Hurt and Unheard: When Anger and Rage Surfaces

This past week, as I watched various peaceful protests transform suddenly into riots around the United States, I became curious as to what Dr. Martin Luther King had to say about dysfunctional, broken, and unjust systems, truth, rage, and violent acting out. My research led me to a speech he gave at Stanford University entitled ‘The Other America‘ two years after California’s Watts riots in August 1965. In it, Dr. King specifically addresses rioting:

 

Let me say as I’ve always said, and I will always continue to say, that riots are socially destructive and self-defeating. … But in the final analysis, a riot is the language of the unheard. And what is it that America has failed to hear? It has failed to hear that the plight of the Negro poor has worsened over the last few years. It has failed to hear that the promises of freedom and justice have not been met. And it has failed to hear that large segments of white society are more concerned about tranquility and the status quo than about justice, equality, and humanity. And so in a real sense our nation’s summers of riots are caused by our nation’s winters of delay. And as long as America postpones justice, we stand in the position of having these recurrences of violence and riots over and over again.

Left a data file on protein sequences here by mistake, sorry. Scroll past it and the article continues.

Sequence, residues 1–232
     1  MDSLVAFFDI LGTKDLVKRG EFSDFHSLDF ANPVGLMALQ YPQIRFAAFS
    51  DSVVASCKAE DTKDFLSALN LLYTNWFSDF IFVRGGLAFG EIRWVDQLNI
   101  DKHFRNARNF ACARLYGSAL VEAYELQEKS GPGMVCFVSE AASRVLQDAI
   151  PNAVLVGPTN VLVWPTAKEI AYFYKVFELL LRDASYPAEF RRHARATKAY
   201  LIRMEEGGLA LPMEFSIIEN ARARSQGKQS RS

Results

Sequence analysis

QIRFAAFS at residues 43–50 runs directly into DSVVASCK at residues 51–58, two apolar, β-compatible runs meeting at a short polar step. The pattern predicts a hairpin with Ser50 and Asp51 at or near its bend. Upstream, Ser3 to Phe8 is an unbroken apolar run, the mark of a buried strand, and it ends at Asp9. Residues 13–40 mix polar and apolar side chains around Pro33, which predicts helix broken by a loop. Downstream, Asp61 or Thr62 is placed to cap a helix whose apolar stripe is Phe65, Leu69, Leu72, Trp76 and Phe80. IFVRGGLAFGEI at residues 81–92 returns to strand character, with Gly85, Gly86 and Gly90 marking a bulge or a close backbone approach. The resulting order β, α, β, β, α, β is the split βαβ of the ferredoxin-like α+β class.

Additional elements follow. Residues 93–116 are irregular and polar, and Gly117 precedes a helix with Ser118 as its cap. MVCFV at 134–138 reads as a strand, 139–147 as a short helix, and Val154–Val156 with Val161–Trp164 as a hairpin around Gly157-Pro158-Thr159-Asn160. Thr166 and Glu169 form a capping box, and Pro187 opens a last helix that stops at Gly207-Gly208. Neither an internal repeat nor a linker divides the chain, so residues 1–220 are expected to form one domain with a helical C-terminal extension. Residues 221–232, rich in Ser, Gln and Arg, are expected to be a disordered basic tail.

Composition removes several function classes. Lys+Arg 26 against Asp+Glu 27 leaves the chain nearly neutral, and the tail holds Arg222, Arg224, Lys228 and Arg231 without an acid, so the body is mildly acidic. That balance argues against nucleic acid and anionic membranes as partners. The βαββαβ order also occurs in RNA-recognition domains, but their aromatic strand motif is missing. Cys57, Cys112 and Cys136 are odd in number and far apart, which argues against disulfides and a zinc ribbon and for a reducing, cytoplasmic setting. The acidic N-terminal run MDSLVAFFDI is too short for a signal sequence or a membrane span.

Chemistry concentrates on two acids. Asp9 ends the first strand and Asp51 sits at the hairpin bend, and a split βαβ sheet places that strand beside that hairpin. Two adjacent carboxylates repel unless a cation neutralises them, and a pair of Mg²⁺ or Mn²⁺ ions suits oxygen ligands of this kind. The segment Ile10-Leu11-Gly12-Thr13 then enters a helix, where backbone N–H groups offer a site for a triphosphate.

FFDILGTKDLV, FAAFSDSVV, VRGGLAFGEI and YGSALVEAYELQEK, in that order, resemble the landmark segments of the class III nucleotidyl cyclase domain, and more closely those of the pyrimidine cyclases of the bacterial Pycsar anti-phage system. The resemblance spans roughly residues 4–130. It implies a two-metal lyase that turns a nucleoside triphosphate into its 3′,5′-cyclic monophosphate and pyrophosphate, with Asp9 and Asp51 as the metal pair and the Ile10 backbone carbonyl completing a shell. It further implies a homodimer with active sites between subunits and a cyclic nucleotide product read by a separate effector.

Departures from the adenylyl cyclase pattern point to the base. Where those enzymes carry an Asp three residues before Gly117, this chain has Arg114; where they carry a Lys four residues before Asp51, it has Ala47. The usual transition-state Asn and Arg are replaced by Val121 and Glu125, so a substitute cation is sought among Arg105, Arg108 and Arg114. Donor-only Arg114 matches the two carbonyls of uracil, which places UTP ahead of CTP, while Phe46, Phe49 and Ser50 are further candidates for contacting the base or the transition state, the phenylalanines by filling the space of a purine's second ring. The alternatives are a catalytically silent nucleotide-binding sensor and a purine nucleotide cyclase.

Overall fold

(See The Other America video – Aurora Forum, Stanford University)

 

The protests and riots occurring this past week in connection with Mr. Floyd’s public murder serve as a public declaration that black Americans will no longer tolerate abusive, dehumanizing systems – Systems that fail to hear, support, or acknowledge their maltreatment, much less validate and appropriately address their legitimate grievances and concerns.

Are we listening?

First They Came by Pastor Martin Niemöller

First they came for the Communists
And I did not speak out
Because I was not a Communist
Then they came for the Socialists
And I did not speak out
Because I was not a Socialist
Then they came for the trade unionists
And I did not speak out
Because I was not a trade unionist
Then they came for the Jews
And I did not speak out
Because I was not a Jew